LSU Self-Imposes Penalties On Football Program
LSU has self-imposed recruiting restrictions upon its own football program as a result of recruiting violations tied to the 2009 signing of juco defensive tackle Akiem Hicks.
LSU will forfeit two scholarships in 2011-12 and restrict recruiting visits for the 2010-11 academic year. According to The Baton Rouge Advocate, LSU will be allowed to sign no more than 26 when the national signing period begins on February 2nd, 2011. The Tigers will then carry no more than 83 scholarship players during the 2011-12 school year.
The school did not identify people involved in the violations, but sources have told The Advocate that the punishments do stem from an investigation into the recruitment of Hicks by former assistant coach DJ McCarthy. McCarthy and Hicks both departed LSU soon after news of the violations broke last year.
During the internal investigation, additional violations were uncovered. Those included “improper phone contacts, transportation and housing issues between coaching and non-coaching administrative football staff members and the parents and high school coaches of prospective recruits.”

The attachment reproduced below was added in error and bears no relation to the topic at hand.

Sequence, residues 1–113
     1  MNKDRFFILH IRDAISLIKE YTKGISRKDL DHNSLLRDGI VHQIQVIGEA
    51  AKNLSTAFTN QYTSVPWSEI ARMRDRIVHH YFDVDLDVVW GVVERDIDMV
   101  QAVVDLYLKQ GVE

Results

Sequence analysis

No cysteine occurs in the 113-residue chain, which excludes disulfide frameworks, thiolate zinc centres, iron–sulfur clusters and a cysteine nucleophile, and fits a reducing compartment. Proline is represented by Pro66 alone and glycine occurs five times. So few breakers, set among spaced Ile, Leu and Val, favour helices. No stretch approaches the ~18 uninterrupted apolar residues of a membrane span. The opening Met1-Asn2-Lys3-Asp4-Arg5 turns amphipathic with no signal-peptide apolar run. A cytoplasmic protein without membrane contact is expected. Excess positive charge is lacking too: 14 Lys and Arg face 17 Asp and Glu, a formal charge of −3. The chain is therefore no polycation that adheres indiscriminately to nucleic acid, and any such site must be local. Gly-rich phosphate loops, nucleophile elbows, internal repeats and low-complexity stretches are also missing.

Athletic director Joe Alleva said: “Our compliance office discovered additional violations during the course of this investigation and took immediate corrective measures to ensure they would not occur again, which is what a good compliance office is supposed to do. I am disappointed these violations took place, but I am proud of the way that LSU reacted to the situation. We now stand ready to assist the NCAA in the completion of this process.”
The NCAA enforcement staff will next complete its review of LSU’s investigation and proposed penalties. If it’s good with them, case closed. If it’s not, more sanctions could be added.
It’s likely, however, that SEC commissioner Mike Slive had a hand in determining the self-imposed penalties. If that’s the case — crediting his connections within the NCAA — it’s likely that LSU’s self-imposed sanctions will suffice.
We shall see.
Either way, LSU appears to be playing by the letter of the law these days. The father of recently signed juco quarterback Zach Mettenberger has told The Shreveport Times that his son will not be moving onto campus until he is officially enrolled and accepted. Often, schools allow transfers onto campus before they are officially accepted by the school.